Pain, and the struggle with his own demons, has been inherent to Obree’s life since before he hit the big time. ‘My worst subject at school was Physical Education,’ he smiles. ‘I was also useless at Metalwork and English. Now, I’ve built my own bike, won the World Championship and written a book about it.’

Obree’s urge to ride a bike was rooted in his individualistic approach to life. ‘I started cycling with my brother, going miles and miles, when I was about 11,’ he recalls, ‘It was an escape mechanism: the call of the horizon. I suppose at school I always wanted to be the explorer.’

Friends began to suggest that Obree take his cycling more seriously, and his temperament suited the lonely, one-man-against-the-clock discipline of the Time Trial. By 1993, aged 27, his best time for the 50-mile event had improved to a British record-breaking 1 hour 39 minutes and 1 second, an average speed of over 30mph.

It was in the same year, at the peak of his form, that Obree decided to attempt the World Hour Record. The best distances for this discipline, which simply requires a rider to cover the maximum number of kilometres possible on an oval cycling track, had previously been held by cycling legends Eddy Merckx and Francesco Moser, whose record had stood for nine years. But Obree had been experimenting with modifications to bicycle frames to improve the aerodynamics of his riding position, and was convinced he could exceed Moser’s distance. ‘I knew exactly how I wanted the bike,’ he recalls. ‘There was zilcho money, so I had to use old bits and bobs. There was a piece of metal I found in the road, and an old broken washing machine out the back door. I used it to make a very narrow bottom bracket.’ The bike he created became known as Old Faithful and his knock-kneed, scrunched-up riding position - dubbed the Tuck - was born.

Obree’s attempt at the Hour Record was undertaken in Norway. After one failed attempt the previous day, on 17 July 1993, Obree rode himself and his home-made bike into history, covering a lung-busting 51.596km in one hour. ‘I just trusted God that Old Faithful wouldn’t fall apart! In fact, half a bike had fallen apart once, live on Eurosport,’ he smiles. ‘That’s why I was scared witless during the filming of The Flying Scotsman. It wasn’t until it was a wrap, and Jonny Lee-Miller hadn’t fallen off a broken bike and broken an arm, that I could relax.’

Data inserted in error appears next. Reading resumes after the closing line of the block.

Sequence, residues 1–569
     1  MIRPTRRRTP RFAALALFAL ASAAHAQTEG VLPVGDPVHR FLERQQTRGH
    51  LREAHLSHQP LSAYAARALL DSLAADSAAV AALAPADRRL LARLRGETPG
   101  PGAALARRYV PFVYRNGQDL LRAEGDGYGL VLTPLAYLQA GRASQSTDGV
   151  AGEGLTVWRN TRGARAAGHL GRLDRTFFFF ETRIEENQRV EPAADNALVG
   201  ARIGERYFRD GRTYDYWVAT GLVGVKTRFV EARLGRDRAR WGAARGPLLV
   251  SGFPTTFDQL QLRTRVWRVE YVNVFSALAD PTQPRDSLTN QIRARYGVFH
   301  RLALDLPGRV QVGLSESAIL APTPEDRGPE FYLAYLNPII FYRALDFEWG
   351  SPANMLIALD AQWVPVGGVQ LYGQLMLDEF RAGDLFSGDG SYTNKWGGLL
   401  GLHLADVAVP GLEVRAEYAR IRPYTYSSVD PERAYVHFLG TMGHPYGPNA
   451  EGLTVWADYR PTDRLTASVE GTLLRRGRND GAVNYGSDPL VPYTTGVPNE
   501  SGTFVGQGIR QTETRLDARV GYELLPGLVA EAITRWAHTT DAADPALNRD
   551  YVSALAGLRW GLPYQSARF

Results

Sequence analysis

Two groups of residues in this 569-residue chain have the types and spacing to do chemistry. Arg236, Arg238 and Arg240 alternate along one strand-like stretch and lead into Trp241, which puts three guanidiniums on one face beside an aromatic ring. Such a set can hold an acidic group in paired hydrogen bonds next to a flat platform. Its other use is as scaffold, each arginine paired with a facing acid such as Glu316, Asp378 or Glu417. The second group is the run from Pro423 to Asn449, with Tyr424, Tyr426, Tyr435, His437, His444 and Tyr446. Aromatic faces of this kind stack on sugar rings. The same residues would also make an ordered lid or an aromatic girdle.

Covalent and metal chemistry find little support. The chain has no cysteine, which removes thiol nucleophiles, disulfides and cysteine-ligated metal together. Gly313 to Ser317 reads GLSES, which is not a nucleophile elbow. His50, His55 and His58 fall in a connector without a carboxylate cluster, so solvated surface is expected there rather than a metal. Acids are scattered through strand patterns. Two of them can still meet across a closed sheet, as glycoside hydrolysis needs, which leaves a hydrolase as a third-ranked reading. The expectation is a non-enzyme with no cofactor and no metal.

The Flying Scotsman covers Obree’s quest for speed, his intense rivalry with fellow time trial-junkie Chris Boardman, and the much darker events that followed, including Obree’s disastrously short period with a professional cycling team. ‘I was probably the shortest-ever professional rider, 31 hours or something like that,’ he says. He’s not laughing. ‘I have no doubt that the whole team was taking drugs, and I was told, “you need to do the same.” I said “I don’t want to do that”. I got fired on 2 January, and I’ve never been invited back into any professional team again.’

Things got worse for Obree, who was diagnosed with manic depression, and one day in 2001 he was discovered hanging - barely alive - from the rafters of his barn. It was his third failed suicide attempt. Five years on, Obree is upbeat. ‘Since I wrote my book,’ he says, ‘I’ve found there is more interest in the mental illness thing than the cycling side of the story, and it will probably be the same for The Flying Scotsman. But I think in time it’ll be seen as a multi-faceted film; one that appeals to people in different ways. It’s no longer just a rocky story of a cyclist; it’s much deeper than that.’

Cineworld, 623 8030, 14 Aug, 9.30pm, £10.45 (£7.70).